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Tag Archives: history
Liberty Magazine cover with a mom and baby enjoying the beach.
Cover story: “According to German master planners, they have won the war in Europe. Ridiculous?”
Waverly Root, “A noted historian lays the disconcerting facts on the line.”
“From a long-range viewpoint, the victor of a war is the nation which emerges from it with the most food, the most natural resources, the strongest industry, the largest population, and, in short, the best situation as compared with that of her neighbors. In all these respects, Germany today is better off than the countries who surround her. In other words, Germany won the War.”
Excerpt from “Germany Won the War” by Waverly Root.
Published by Liberty Magazine, August 24, 1946.
Find more vintage magazines here: www.aziomedia.com
Miniature newspapers like this 1942 Wall Street Journal were issued to armed forces serving overseas during World War II.
Here a copy of the Wilmington Post announces the Rearming of Fort Caswell on the front page.
In 1825 Congress authorized the construction of a fort on Oak Island.
The fort was an outstanding engineering accomplishment. It was a pentagonal structure with a two-story citadel and surrounded by a dry moat and a wet moat. Located at the mouth of the Cape Fear River, Smith Island, (Bald Head Island), and the eastern tip of Oak Island, Fort Caswell was a strategic Civil War fortification.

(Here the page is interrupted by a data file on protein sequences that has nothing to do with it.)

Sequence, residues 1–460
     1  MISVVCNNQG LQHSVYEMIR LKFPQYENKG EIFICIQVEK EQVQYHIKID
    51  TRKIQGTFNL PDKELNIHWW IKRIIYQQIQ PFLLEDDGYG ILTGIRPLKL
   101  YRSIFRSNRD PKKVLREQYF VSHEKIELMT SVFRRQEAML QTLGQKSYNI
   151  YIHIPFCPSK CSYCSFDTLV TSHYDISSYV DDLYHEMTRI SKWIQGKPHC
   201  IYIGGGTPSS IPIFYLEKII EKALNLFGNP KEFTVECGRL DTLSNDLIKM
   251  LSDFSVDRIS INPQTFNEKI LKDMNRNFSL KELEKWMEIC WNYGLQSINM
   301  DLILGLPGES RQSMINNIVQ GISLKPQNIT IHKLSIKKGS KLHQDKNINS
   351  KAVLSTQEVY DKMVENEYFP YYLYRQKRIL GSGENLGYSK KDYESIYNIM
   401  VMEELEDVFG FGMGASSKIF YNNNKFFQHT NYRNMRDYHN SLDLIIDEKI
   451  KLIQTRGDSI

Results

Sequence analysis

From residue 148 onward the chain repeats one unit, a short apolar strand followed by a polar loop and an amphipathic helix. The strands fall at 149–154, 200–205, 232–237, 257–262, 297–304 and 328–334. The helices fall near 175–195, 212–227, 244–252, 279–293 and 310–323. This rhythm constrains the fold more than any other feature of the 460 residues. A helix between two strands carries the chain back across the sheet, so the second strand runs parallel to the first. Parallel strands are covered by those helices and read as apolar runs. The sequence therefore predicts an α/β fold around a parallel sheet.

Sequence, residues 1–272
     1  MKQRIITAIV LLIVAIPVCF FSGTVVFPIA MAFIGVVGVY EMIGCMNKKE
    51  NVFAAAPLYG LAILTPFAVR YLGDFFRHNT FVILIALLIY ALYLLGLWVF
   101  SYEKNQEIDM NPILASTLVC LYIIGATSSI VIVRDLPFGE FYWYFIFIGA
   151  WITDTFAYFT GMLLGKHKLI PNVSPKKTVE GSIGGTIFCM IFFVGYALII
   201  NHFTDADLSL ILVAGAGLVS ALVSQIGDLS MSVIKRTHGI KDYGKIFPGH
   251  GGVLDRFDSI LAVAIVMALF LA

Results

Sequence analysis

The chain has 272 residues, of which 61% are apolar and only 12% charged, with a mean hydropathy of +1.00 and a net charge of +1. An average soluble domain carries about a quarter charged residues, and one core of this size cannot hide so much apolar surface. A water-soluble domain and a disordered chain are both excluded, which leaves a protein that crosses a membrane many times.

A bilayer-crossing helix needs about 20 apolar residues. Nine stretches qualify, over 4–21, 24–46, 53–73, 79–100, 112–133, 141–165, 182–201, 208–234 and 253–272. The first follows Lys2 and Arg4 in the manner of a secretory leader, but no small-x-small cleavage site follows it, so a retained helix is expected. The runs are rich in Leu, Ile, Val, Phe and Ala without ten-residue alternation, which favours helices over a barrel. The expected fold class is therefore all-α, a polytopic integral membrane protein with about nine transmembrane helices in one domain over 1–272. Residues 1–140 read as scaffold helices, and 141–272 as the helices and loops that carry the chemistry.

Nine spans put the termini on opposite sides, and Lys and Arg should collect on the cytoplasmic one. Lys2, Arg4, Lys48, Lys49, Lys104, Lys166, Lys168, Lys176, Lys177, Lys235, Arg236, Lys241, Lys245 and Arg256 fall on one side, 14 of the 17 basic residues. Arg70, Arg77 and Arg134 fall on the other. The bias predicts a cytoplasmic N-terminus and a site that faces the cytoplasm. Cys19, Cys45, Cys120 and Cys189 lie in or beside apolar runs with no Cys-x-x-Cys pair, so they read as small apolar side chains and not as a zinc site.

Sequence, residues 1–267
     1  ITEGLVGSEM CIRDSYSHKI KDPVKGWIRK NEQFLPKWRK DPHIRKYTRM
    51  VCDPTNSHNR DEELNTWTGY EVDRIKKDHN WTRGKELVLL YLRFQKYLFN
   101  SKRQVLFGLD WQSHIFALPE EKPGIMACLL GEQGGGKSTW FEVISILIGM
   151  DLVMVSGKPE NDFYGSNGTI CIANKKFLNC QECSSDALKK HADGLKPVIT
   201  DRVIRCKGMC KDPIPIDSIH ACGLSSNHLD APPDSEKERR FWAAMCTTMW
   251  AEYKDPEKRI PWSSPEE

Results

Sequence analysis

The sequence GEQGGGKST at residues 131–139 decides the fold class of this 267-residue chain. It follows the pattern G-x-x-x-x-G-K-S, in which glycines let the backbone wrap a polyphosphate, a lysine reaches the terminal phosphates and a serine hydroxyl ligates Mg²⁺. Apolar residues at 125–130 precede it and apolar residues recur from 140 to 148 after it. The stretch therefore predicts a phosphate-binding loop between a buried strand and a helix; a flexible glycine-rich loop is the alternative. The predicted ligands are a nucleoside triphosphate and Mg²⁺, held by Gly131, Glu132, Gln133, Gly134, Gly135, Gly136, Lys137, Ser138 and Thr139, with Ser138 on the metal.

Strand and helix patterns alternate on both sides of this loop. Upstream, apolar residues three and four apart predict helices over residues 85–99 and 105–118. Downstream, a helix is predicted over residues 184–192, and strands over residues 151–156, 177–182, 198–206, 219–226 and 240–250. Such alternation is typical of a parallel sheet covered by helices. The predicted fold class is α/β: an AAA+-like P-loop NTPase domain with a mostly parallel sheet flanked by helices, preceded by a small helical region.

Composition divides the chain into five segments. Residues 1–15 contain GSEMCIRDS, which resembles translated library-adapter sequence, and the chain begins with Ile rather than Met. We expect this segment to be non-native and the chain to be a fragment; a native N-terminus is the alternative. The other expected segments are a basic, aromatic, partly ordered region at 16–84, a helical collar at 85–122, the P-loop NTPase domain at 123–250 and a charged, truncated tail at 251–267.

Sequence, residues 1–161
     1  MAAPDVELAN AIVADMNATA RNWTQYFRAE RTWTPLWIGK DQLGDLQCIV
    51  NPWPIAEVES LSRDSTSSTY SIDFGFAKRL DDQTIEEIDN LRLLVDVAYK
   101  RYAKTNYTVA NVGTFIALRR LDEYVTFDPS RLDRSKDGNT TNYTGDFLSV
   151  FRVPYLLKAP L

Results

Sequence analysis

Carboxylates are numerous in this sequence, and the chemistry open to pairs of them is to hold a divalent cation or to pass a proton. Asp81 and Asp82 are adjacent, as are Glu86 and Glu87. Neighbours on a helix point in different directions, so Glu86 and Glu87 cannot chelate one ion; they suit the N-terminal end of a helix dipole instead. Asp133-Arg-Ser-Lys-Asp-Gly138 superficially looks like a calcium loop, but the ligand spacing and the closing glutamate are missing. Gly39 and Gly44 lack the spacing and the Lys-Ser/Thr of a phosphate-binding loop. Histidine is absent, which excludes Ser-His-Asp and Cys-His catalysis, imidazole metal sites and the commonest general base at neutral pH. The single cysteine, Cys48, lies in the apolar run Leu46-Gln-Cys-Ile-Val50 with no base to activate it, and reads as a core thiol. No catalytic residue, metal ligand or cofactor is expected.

During World War II the fort was re-purposed into a US Naval base. America was preparing south eastern North Carolina for war. Anti-aircraft artillery and sailors swarmed to Oak Island, while civilians worked as enemy aircraft and submarine spotters patrolling the beaches and barrier islands on the lookout for German soldiers and spies.
On January 31, 1946, Fort Caswell was designated as war surplus and assigned for disposal. The Baptist State Convention of North Carolina purchased the 250 acre fort from the Government on Sept. 29, 1949 for $86,000. Fort Caswell is now the home of the North Carolina Baptist Assembly.
Old headstones made into a fence for the walk along a graveyard in Moravia.
We are not sure where these headstones came from. Many of the names carved into this line of stones are written in Hebrew.
Presumably, these markers were re-purposed during World War II.
Many graveyards in central European towns are several layers thick with bodies of the dead. For example at the Jewish Cemetery in the ancient Prague ghetto people were buried up to thirteen layers deep. There was very little room given to them so they did what they had to do.
Should you find yourself in Moravia, we would like someone to make rubbings of the stones.
We can then translate them into English to furthur our hopes of tracing the families of the dead.
Stone Gravestone Marker Detail
This headstone appears to bear a carved symbol which may be the Masonic Keystone, which is the Masonic mark of an Ancient Grand Master or it may be a Celtic Cross.
This photo is part of our investigation into a group of hand-carved grave markers we discovered in the forests of Brunswick County.
There are approximately 40 graves in this area. Most of the wooden markers have succumbed to the elements and are only small strips of cedar rising from the ground.
Among the rare remaining wood grave markers are two head stones made of carved a light colored rock (pictured above). This ancient cemetery is hidden in the countryside of Brunswick County, North Carolina. This spot is a long-lost memorial we hope to preserve.
There are a number of undocumented cemeteries throughout the lower Cape Fear. Mapping and documenting these locations will save local history. If you know of a graveyard like this let us know. This a project Azio Media continues to support.
If you are interested, this is a useful site for grave marker symbolism